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The East Hampton Star. (East Hampton, N.Y.) 1885-current, December 29, 1977, Image 3

Image and text provided by East Hampton Library

Persistent link: http://nyshistoricnewspapers.org/lccn/sn83030960/1977-12-29/ed-1/seq-3/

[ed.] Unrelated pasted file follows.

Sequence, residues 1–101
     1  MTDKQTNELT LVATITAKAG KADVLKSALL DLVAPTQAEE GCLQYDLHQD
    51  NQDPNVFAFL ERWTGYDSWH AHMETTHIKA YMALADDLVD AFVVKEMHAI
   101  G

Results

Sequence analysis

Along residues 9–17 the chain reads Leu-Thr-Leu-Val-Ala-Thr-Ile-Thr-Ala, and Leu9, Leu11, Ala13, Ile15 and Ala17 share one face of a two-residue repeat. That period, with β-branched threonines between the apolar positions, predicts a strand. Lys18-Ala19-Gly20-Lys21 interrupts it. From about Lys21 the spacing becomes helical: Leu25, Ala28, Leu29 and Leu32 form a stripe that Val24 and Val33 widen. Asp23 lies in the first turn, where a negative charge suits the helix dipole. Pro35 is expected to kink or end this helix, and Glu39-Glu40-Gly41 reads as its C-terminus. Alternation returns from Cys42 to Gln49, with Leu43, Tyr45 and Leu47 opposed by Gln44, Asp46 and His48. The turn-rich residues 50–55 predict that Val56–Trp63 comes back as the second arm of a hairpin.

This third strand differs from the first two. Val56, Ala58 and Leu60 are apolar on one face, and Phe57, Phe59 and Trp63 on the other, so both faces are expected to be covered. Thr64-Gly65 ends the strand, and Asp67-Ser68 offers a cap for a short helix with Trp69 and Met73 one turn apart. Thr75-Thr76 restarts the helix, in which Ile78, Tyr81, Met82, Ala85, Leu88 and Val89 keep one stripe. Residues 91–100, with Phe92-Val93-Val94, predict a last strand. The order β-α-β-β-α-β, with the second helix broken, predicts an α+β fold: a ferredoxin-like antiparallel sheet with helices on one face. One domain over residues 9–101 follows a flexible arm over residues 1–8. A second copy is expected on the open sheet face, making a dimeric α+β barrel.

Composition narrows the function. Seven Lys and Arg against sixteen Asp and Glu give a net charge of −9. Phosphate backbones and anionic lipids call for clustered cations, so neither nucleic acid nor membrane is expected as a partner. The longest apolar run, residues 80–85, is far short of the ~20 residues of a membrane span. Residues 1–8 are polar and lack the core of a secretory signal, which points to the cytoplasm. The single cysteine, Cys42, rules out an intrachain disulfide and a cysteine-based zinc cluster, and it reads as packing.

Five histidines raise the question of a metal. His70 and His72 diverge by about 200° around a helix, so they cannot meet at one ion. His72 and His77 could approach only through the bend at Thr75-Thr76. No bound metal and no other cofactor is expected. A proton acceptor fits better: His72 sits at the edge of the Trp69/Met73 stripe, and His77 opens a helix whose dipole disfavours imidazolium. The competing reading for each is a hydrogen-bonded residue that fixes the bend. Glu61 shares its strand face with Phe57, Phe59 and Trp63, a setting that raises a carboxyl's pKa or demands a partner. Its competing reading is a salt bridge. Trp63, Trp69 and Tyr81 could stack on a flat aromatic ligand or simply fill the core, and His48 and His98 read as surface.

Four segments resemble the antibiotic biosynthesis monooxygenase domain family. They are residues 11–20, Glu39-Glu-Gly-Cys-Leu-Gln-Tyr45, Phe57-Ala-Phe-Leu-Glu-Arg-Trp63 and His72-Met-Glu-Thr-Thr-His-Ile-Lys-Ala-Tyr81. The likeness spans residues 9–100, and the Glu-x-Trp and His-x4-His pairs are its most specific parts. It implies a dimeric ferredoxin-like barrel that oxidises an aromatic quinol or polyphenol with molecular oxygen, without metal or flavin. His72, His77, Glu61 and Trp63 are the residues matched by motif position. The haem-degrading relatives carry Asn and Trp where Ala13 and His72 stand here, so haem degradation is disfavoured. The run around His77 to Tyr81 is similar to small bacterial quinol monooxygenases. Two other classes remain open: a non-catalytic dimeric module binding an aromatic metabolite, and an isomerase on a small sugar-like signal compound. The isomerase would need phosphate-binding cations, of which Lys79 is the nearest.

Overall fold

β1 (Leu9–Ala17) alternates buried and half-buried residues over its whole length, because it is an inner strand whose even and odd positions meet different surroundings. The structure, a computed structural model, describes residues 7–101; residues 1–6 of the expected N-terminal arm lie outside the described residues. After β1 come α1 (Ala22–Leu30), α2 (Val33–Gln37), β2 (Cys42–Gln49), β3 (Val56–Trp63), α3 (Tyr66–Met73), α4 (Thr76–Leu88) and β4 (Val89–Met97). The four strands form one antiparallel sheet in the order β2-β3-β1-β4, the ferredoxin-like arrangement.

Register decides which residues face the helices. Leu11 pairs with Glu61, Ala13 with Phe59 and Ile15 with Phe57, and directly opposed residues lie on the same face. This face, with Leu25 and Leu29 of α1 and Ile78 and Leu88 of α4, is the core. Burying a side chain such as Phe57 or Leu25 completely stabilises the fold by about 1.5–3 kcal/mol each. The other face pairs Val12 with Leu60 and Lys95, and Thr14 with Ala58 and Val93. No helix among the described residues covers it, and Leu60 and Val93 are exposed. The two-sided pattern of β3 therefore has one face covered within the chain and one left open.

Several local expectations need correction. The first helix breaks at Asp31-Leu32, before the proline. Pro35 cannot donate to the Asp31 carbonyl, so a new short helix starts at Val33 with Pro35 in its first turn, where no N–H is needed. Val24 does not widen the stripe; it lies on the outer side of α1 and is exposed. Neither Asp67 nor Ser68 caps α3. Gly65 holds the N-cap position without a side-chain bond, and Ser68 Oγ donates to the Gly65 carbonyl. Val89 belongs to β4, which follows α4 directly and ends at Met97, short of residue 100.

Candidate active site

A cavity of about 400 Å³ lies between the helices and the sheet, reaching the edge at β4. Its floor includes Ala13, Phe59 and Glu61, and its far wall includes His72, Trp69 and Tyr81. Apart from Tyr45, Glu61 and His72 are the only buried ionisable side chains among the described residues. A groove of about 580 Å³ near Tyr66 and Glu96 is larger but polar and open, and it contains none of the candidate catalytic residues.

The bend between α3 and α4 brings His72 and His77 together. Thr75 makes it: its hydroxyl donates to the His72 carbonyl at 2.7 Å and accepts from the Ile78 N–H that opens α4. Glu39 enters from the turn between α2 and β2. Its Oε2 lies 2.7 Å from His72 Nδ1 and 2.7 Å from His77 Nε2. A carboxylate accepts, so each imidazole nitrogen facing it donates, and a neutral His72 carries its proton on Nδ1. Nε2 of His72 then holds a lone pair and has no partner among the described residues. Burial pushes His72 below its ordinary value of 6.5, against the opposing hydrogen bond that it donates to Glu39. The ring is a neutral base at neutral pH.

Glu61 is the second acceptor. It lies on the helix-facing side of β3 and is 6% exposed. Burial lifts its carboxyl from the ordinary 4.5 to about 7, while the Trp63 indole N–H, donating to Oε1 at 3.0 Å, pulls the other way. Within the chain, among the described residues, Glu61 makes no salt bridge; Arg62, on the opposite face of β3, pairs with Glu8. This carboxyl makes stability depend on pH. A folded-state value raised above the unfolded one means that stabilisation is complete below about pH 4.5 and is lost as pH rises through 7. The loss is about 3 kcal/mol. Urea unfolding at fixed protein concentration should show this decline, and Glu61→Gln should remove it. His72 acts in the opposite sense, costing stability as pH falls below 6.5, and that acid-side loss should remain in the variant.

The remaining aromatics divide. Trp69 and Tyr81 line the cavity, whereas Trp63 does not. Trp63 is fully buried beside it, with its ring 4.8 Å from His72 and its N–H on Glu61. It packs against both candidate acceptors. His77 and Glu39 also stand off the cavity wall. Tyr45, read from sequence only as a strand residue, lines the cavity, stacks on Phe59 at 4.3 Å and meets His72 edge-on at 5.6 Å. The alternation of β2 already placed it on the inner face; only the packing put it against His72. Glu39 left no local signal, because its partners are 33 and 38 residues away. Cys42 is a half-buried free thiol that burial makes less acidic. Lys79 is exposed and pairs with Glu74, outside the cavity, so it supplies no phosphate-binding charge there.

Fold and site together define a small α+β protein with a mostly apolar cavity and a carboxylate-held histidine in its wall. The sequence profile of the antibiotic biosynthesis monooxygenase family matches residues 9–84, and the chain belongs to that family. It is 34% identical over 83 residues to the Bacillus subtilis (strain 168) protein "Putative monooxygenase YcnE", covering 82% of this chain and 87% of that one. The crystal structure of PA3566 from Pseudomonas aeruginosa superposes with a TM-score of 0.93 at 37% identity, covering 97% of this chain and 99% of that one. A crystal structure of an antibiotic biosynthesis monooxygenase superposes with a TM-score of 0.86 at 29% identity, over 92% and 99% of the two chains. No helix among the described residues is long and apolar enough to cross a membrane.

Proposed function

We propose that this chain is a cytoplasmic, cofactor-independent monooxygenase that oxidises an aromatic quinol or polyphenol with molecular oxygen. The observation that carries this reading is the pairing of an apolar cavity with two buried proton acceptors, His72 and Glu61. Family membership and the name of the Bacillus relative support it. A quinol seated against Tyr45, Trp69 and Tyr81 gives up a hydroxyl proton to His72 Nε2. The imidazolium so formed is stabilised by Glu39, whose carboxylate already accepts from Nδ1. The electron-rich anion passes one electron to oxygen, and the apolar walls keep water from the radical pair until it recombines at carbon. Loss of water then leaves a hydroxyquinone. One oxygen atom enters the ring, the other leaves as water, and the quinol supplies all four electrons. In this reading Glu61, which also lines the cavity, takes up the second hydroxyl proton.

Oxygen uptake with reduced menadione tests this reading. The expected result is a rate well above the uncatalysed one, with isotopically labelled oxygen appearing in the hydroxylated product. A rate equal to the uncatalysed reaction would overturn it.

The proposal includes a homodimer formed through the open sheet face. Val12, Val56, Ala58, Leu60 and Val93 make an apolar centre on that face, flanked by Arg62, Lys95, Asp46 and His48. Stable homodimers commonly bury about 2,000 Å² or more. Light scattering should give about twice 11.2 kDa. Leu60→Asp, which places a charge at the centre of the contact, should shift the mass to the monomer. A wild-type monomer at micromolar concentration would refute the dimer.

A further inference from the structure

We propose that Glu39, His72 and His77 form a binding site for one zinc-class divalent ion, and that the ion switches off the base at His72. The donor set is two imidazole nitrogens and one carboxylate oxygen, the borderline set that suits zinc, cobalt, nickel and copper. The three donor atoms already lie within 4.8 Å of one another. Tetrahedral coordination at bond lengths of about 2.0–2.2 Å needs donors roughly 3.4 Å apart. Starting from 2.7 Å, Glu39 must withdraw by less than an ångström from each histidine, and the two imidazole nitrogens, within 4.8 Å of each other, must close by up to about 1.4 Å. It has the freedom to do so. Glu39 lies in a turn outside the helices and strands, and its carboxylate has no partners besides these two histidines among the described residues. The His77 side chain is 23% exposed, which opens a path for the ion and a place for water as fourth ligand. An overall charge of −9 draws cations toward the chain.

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THE EAST HAMPTON STAR, EAST HAMPTON, N.Y., DECEMBER 29, 1977 THREE Bennett-Schoen Mr. and Mrs. Dennis Schoen of Middle Line Highway, Sag Harbor, have announced the engagement of their daughter, Denice Ann, to Melvin Charles Bennett, son of Mr. and Mrs. Melvin L. Bennett of Middle Highway, East Hampton. Miss Schoen is a 1977 graduate of Pierson High School, Sag Harbor, and a cosmetologist. Her fiance is a caretaker in East Hampton. He was graduated from East Hampton High School in 1972. No wedding date has been set. Kearaey-Martin The engagement of Georgica Eliza­ beth Martin to Kevin Paul Kearney has been announced. Miss Martin is the daughter of Mrs. Edward I. Martin of Georgica Road, East Hampton, and the late Mr. Martin. Mr. Kearney is the son of Mrs. Virginia M. Parent of Manchester, Mass., and the late Anthony F. Kearney. The wedding will take place June 24. Field-Coyle Mrs. James E. Dunlop of 21 McGuirk Street, East Hampton, has announced the engagement of her daughter, Therese Ann Coyle, to William Field, son of Mrs. Phyllis Field of Squires Path, East Hampton, and of William Field of Hampton Bays. Miss Coyle is also the daughter of John W. Coyle of 52 Cooper Lane, East Hampton. She is a 1976 East Hampton High School graduate. She attended Sullivan Community College and is now working in Alfred, N.Y. Her fiance, also an EHHS graduate, is studying photography in Alfred. A fall wedding is planned. Collins-Hurd Miss Patricia Ann Hurd, daughter of Mr. and Mrs. George Hurd of Revere, Mass., was married on Dec. 18 to Stephen Terry Collins, son of Mr. and Mrs. Thomas Louden Collins Sr. of Fireplace Road, Springs, at the Springs Presbyterian Church. The Rev. Paul Cunkle performed the ceremony. A reception followed at the home of the groom’s parents. Catherine Fiore was the matron of honor. The bridegroom was attended by his brothers, Thomas L. Collins II, and Michael deMar Collins. Mr. Collins is a lawyer in the Illinois State attorney general’s office. His wife is an intensive care nurse in the University of Illinois Hospital in Chic­ ago. They will make their home in Wheaton, 111. PLANNING BOARD Continued from Page 1 not at where I’m registered.” In the next “crucial years” when the Planning Board would be working to update the Town’s Comprehensive Plan, “the more good people who get involved no matter what their registration is the better for the Town as a whole.” She said she was “distressed” by indica­ tions she might not be reappointed, but “I don’t know what to do about it, except offer myself, and my enthus­ iasm.” Clayton Morey, the Planning Board’s vice chairman, opined that Mrs. Foster had “done a good job” and said he “would see no reason why she couldn’t” be reappointed. The Board’s chairman, Armand DeRose, who was out of Town this week, “would feel the same way,” he said. However, he noted, it was “obviously up to the Town Board” whether to reappoint her or not. “Good Reasons” “Obviously if they don’t reappoint her,” he said, “I have got to assume they’ve got good reasons, which at present are unknown to me.” Supervisor-elect Ronald Rioux de­ clined to say whether he favored reappointing her, explaining that the appointments were “still under discus­ sion. We’re having meetings to formal­ ize the whole thing.” Mr. Rioux was also invited this week to be inter­ viewed about what in general he plans to do when he takes office, and replied that such an interview would be “premature.” “I’d rather people hear it from me before they read about it in the Star,” he explained. Often people on official committees read newspaper accounts of actions by other officials before having a chance to hear of them from the officials themselves, he reported, and “that’s one problem that’s going to be overcome.” Supervisor Haas Mr. Rioux will replace Supervisor Eugene Haas, who, though also a Republican, did not seek and was not offered his Party’s renomination, but offered himself for reelection as a last-minute independent write-in candi­ date, losing badly but enraging the GOP leadership. Mrs. Foster’s appoint­ ment last year was attributable largely to Mr. Haas’s influence. Councilman Samuel Lester main­ tained that he had not made up his mind whether to vote to reappoint her. “We have some very good applica­ tions,” he said. “We may have more. It's a case of looking at all the applications.” To some observers, it seemed that the new Board may be retracing steps taken by a previous Republican Town Board eight years ago, when another well-known conservationist serving on the Planning Board — Berton Roueche, the novelist and journalist — was denied reappointment. Outcry The move provoked a public outcry, political motives were alleged, another Planning Board member quit in pro­ test, and a newly-formed (now defunct) environmental group called “The Citi­ zens Concerned For East Hampton” charged in full-page ads that the Planning Board was “being stacked.” Another post that the new Town In the Roaring ’70s SHELTER ISLAND took on an air of the 1920s during the recent filming there of “The Dain Curse,” a television adaptation of a Dashiell Hammett thriller. James Coburn was the lead, and antique cars were among the stars. The CBS show will appear in three installments in the spring. John Spear Billboard Ban Is Upheld The New York State Court of Appeals last Wednesday, Dec. 21, upheld a Southampton Town ordinance which prohibits signs and billboards within the Town not located on the premises of the businesses they adver­ tise. The ordinance has been challenged in the courts for the past two and a half years by four sign companies, the Suffolk Outdoor Advertising Company of Riverhead, Collum Signs of Water Mill, Behrle Outdoor Advertising Com­ pany of Jamesport, and the H.C. Board presumably will fill next week is that of Town attorney, which Duane Whelan is vacating after 15 years in it. The Republican Committee has re­ ceived five applications from lawyers and forwarded them to the Town Board without, according to Mr. Ecker, indicating any preference. The applicants are James Berlinger of Montauk, William Carew of Mon- tauk, Edward Horne of East Hampton, Stanley Hyman of East Hampton (brother of Marvin Hyman, another local lawyer), and John McGrath, who practices in Manhattan but spends weekends in East Hampton. Both Mr. Carew and Mr. Berlinger have represented Mr. Duryea on official or private business. Mr. Ber­ linger is currently on the State Assembly’s payroll as counsel to the Republican minority. Mr. Horne is the Town Zoning Board’s lawyer. V. Schaffner Williams Company of Riverhead, a subsidiary of Seaboard Advertising in Brooklyn. The companies said the ordinance was unconstitutional be­ cause it confiscated private property without just compensation and violated guarantees of free speech. R u li n g The Court of Appeals, however, ruled that municipalities could enact such a regulation for aesthetic reasons and that no constitutional rights would be violated in so doing. The South­ ampton Town Board, it was pointed out, had given the sign companies three years from the date the ordin­ ance was enacted in June 1972 to take the signs down, a form of compen­ The Ice Forms sation. It also provided that companies who felt the three-year time period was “unreasonable” could apply to the Town Board for an extension of the grace period for removal. None of the companies, however, requested an extension, choosing in­ stead to challenge the constitutionality of the law in the courts, according to Richard DePetris, the attorney repre­ senting the Town in the dispute. Within hours of the Court of Appeals decision, several billboards along Route 27 in the vicinity of the Poxabogue Golf Course were seen to have been dismantled. They were not taken down, however, by employes of the sign companies anxious to comply with the latest court ruling. According to William Collum Sr., owner of Collum Signs and several of the billboards dismantled, the signs were taken down by a crew frpm the State Department of Transportation. Beautification The State, he said, had bought the signs under the provisions of the State Highway Beautification Act, which was passed in 1968 to bring New York in step with the provisions of the Federal Highway Beautification Act passed three years before, in 1965. The State act, according to Mr. DePetris and Charles Pahl of the Department of Transportation, required the removal of billboards on private property along certain State roads, and provided for State compensation to the owners of signs in existence before the law was passed. The Act also provided “small com­ pensation” to the owners of the property on which the signs were located, Mr. Pahl said, since those parties would lose the rental fees they were receiving from the sign com­ panies once the signs were taken down. The signs removed recently from Route 27 as part of this program were acquired by the State “some time ago, last summer or early this fall,” Mr. Pahl said. Question Why was the State still buying signs located in a Town which already had an ordinance on the books requiring the removal of all billboards by 1975? Mr. Pahl said he did not know, but would find out the reason and report back. Approximately 17 billboards, he estimated, had been bought on the East End. Others, he added, were being taken down without compensa­ tion because they stood in the State right-of-way, and therefore required At Hook Pond only a notice to the owner of the signs before removal. About 100 signs and billboards owned by the four sign companies challenging Southampton’s ordinance are affected by the Court’s ruling. Most of them belong to the Suffolk Outdoor Advertising Company, according to Mr. Collum, who maintained that Suffolk stood to lose $200,000 worth of business because of the ordinance. Another Appeal? Mr. Collum said he did not know whether the four companies would appeal the Court of Appeals’ decision to a Federal court. Suffolk Outdoor Advertising, because of its substantial interests in the area, was the “prime mover” behind the last appeal, he said. No one at Suffolk Advertising was available yesterday for comment on the Court’s decision, but Mr. Collum said he expected the decision would be appealed as many times as was possible, and John Latona, head of billboard advertising for Seaboard Advertising, said the decision defin­ itely would be appealed. Both Mr. Collum and Mr. Latona said that many people would be put out of work as a result of the Town ordinance, including painters and carpenters em­ ployed by the companies. “Wait and See” Meanwhile, Mr. DePetris said the Town would not press for immediate removal of the billboards even though they are in violation of a law that has now been upheld. The Town would “wait and see” first if the sign companies appeal the Court’s decision, or accept the decision and apply to the Town Board for an extension of the time previously allotted for removing the signs. The Court of Appeals, Mr. DePetris pointed out, ruled only on the consti­ tutionality of the ordinance, not on the question of whether the three-year removal period was fair. The signs definitely will come down, but when they will come down is still unresolved, he said. Failure to comply with the South­ ampton Town sign ordinance carries a penalty of 15 days in jail and fines of up to $250. The ordinance was previously upheld by the State Supreme Court in Riverhead and in part by the Appellate Division of the State Supreme Court. Tim Neale David Rattray